Farms are measured in acres. Trade show booths are sold by the square foot. Unless the name of your company rhymes with flugle or grapple (for the phonetically impaired, that would be Google and Apple), your marketing budget probably won’t allow you to have a full-scale demonstration of how a 14-ton tractor pulling a 60-foot row-crop planter can apply three different products at one time.
Rest assured, neither did ours. But that’s exactly the experience our client challenged us to demonstrate — all in a booth not much larger than our agency snack closet. (But, in truth, we do have a rather impressive snack closet.)
This seemed like a prime opportunity to flex our creative muscles. And by creative we don’t mean a snarky headline combined with a zany photo. We’re talking real creativity, the kind that combines data and technology with traditional brand thinking to conjure up a solution that changes hearts hardened by the digital age.
Step one was to get the ideal person involved from each of several different critical departments: digital, video production, creative, account service and even PR — all with something to contribute, alongside some good old-fashioned electrical engineering. (No, we don’t have an engineering department, but we probably could.) Then we let them go to work.
But what really made this project so successful? It seemed to boil down to three things that we should always keep top of mind:
- Innovative products demand innovative demonstration. Sure, we could have created a beautiful short film with slow-motion footage shot in the field and layered it with a drawling voice-over. But how many other products at the show had that same idea? Standing out in a crowd means approaching a project with a fresh set of eyes and a real thirst to do something that no one else has done before in your market. Innovators innovate. If it’s part of who you are, you’d better show it.
- Tech doesn’t have to be a four-letter word. Yeah, this simulator was wicked complicated. Synching the video to the LED lights within actual product containers required some unique code writing, but the technology didn’t get in the way of the user experience. Rather, technology enriched it and created a more meaningful interaction. Remember, if your tech isn’t user friendly, it’s not very user useful either.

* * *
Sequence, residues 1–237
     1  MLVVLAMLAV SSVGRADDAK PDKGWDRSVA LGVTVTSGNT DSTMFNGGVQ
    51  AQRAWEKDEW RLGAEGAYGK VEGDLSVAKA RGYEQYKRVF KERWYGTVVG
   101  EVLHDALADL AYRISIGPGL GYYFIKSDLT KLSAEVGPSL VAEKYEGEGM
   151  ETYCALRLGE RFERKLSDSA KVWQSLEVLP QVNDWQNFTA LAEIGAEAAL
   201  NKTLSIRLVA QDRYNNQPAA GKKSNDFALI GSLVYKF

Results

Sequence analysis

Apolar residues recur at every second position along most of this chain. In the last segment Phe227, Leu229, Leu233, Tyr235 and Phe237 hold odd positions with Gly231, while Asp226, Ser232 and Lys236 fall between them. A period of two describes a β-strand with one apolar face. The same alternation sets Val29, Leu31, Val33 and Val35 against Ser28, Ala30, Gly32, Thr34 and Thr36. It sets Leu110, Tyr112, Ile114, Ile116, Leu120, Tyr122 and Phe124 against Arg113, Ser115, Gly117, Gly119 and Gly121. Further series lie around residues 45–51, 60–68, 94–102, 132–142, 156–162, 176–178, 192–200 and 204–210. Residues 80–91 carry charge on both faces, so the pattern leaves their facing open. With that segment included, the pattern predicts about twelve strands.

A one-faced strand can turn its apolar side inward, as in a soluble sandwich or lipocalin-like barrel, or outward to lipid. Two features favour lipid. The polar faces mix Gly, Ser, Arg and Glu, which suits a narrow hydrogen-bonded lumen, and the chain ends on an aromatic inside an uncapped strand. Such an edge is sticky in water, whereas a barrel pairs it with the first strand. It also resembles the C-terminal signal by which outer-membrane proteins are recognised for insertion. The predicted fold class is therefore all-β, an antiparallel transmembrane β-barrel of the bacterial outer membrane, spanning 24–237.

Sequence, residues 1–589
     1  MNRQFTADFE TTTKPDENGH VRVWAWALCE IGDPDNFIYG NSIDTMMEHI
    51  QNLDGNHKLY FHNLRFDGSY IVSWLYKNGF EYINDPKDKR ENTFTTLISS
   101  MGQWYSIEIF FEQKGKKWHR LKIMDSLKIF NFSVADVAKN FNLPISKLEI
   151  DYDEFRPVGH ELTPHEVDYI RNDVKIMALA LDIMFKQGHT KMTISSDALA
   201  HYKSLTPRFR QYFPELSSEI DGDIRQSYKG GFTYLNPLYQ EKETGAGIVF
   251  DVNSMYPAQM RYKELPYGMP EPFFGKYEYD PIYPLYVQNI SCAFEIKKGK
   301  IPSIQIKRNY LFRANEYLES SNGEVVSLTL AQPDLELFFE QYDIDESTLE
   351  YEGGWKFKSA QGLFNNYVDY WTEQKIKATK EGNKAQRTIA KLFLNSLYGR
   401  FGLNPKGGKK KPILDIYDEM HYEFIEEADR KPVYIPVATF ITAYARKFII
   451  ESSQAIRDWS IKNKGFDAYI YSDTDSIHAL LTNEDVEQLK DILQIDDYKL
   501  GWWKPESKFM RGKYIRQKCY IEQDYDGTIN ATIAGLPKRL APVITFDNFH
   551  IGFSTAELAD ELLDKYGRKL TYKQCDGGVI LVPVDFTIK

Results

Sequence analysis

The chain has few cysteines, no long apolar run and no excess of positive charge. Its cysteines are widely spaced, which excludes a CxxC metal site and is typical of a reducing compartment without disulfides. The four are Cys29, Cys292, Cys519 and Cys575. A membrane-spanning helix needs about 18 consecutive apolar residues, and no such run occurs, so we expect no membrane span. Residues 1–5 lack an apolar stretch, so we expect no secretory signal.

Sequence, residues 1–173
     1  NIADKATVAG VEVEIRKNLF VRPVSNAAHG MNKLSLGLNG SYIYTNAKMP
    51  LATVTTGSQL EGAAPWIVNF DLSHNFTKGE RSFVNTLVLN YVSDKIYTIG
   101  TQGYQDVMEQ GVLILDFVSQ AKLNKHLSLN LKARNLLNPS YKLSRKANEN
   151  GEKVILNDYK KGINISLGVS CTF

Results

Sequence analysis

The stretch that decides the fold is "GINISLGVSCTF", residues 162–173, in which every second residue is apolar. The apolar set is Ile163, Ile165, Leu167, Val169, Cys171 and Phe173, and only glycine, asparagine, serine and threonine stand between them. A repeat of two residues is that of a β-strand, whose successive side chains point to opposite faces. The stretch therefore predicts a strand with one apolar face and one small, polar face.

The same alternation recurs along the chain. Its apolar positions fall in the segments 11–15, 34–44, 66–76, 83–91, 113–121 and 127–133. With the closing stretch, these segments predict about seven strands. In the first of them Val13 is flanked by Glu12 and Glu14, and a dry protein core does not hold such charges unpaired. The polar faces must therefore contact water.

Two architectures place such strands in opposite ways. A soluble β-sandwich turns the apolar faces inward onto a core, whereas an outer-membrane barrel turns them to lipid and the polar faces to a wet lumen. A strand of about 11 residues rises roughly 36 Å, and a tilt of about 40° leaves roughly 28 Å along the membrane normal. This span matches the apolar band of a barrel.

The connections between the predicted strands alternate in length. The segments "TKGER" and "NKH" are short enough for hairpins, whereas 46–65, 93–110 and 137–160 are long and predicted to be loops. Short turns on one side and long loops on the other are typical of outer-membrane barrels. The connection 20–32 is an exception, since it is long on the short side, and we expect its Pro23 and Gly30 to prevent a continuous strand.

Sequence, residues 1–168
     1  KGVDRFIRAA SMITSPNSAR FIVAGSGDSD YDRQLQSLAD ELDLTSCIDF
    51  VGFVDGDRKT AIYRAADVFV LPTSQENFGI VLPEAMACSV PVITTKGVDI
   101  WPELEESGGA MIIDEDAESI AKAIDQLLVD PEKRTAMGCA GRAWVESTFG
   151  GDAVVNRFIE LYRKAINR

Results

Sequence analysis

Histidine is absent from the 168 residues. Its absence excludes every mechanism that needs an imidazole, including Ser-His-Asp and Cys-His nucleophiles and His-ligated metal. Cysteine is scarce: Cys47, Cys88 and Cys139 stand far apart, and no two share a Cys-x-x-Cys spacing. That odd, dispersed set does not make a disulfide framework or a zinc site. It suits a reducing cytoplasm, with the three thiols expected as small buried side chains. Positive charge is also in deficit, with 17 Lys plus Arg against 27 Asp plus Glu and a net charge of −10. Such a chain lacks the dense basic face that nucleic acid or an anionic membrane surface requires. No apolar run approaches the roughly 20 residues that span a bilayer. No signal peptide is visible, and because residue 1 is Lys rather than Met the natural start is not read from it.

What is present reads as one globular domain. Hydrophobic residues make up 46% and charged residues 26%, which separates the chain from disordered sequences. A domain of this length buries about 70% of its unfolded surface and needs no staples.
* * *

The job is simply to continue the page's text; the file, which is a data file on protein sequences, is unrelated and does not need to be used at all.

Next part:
- Always be branding. We all know this, but it bears repeating. Your brand is what you do with it. It’s a living thing that can shrivel up and die if you don’t show it a little love and shine some light on it every now and then. Making sure your brand comes through loud and clear among all of the whizbang in the booth may sound simple, but connecting the “wow” with the “who” is the most important thing that can happen at a trade show. Don’t let the show ignore the sponsor.
About Archer Malmo
Archer Malmo, with offices in Memphis, Tennessee, and Austin, Texas, combines brand thinking, data and technology to help growing brands adapt to the digital and creative complexities of today. Since 1952, we’ve continually evolved to changes in the industry, helping level the competitive playing field for midsize companies. The agency’s combination of discipline specialists, strategic orientation, creativity and culture yields strong client relationships and business results. With more than 150 people, Archer Malmo is one of the oldest independent agencies in the U.S. and has been recognized by Advertising Age and others as a “Best Place to Work” and has been named to the “Inc. 5000” list of fastest-growing private companies in America for five consecutive years.